Blockages and no-go zones have been created.  Life has been disrupted. 

In the day to day of living, there comes a time to examine our hearts.  Is there something impure there?  Something that is unhealthy?  Some thing that should be dealt with sooner than later?  As people, we so often focus on the outward appearance, giving no thought to what lies beneath the surface.  Not until there is a cataclysmic event do we register a problem...too late.  Pain, destruction, loss. Others get hurt, sometimes irreparably. 

Create within me a pure heart, O Lord.  Psalm 51

God will put a new spirit within us.  He will take the heart of stone out of us and give us a new heart of flesh so that we may walk in His statutes and keep His commandments.  We will be His people and He will be our God.  Ezek. 11:19

Friday, May 7, 2010

My Latest Kitchen Adventure

Veronica who writes Of Mice and  Ramen talked to us about Rendang two weeks ago and I thought it looked really good.  I promised to try it myself and to tell you the results.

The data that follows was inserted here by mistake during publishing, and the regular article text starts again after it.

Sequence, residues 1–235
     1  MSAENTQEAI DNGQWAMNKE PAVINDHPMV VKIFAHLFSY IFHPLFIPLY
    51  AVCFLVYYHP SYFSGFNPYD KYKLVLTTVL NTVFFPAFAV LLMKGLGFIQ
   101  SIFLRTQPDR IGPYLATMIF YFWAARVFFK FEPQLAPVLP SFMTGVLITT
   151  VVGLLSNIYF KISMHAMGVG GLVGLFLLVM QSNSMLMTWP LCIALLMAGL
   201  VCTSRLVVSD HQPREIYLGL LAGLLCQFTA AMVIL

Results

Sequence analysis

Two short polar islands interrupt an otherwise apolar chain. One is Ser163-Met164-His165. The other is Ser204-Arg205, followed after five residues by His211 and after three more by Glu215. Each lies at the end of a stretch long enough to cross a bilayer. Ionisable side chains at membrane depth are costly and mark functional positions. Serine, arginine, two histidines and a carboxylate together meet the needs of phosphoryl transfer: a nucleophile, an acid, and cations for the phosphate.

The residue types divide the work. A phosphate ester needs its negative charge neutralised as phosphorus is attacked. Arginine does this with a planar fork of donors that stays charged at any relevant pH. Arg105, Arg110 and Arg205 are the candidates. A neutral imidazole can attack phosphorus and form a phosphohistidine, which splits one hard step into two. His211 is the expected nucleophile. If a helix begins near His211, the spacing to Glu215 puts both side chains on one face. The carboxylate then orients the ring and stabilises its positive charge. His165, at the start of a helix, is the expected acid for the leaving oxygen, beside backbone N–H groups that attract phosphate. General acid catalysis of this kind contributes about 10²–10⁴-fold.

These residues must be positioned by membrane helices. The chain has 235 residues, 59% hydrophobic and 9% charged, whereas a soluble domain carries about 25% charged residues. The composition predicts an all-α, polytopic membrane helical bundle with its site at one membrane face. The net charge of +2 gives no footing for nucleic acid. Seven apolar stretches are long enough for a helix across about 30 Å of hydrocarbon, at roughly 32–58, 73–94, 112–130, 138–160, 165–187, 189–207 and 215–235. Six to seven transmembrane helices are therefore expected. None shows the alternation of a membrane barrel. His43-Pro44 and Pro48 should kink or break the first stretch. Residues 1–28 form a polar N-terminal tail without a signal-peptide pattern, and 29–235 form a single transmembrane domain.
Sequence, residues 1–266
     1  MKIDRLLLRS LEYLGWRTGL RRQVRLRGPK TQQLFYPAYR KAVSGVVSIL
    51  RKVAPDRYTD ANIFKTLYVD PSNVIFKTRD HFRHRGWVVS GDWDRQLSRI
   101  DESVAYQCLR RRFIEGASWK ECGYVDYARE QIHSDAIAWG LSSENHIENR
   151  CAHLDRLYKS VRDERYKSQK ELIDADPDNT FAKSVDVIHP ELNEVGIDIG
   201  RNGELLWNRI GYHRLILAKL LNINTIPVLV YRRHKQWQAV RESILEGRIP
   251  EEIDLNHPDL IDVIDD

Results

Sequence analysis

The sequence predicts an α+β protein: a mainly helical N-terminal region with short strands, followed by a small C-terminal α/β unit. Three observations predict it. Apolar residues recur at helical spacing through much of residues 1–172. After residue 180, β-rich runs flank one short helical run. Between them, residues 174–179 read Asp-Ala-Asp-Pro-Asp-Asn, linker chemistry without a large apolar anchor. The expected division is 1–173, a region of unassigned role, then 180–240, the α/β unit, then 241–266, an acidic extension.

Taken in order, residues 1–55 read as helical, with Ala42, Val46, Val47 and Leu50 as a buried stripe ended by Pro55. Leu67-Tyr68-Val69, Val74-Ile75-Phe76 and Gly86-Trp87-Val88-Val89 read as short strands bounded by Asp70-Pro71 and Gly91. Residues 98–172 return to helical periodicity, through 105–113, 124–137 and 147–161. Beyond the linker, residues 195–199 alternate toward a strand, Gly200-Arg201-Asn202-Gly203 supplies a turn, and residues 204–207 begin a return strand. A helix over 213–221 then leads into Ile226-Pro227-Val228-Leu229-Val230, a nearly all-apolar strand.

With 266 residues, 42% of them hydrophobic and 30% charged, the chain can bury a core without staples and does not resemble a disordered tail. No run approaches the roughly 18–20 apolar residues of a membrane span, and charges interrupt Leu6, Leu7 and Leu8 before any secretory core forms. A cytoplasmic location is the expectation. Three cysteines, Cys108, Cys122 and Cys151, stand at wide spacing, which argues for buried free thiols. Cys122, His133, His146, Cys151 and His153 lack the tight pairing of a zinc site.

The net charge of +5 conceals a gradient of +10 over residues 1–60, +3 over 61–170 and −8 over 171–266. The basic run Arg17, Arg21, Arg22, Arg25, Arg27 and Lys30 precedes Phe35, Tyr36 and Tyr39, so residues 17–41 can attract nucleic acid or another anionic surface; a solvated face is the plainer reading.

It was fun shopping for the recipe ingredients, but unfortunately, I am not in Malaysia and could not find certain things.  Neither me, nor my grocer, had ever heard of "Galangal".  I do not know anything about curries and "curry leaves" are not sold in my grocery store either.  Coconuts were there.  I bought two.

Now I have to say, when preparing a meal for my family begins in the garage, working with electric drills, hammers and chisels, I already begin to wonder how things are going to work out.

I collected the coconut water after the holes were drilled into the top of the tough nuts, only because it was there.  In the end, it was a good thing I did, as you will soon read.  Did you know that according to recent magazine articles, coconut water is the newest, hottest dietary aid?  It is high is potassium, is good for bowel cleansing among other things, and can even be used as an isotonic solution to replenish fluids intravenously if needed in emergencies.  Surprise!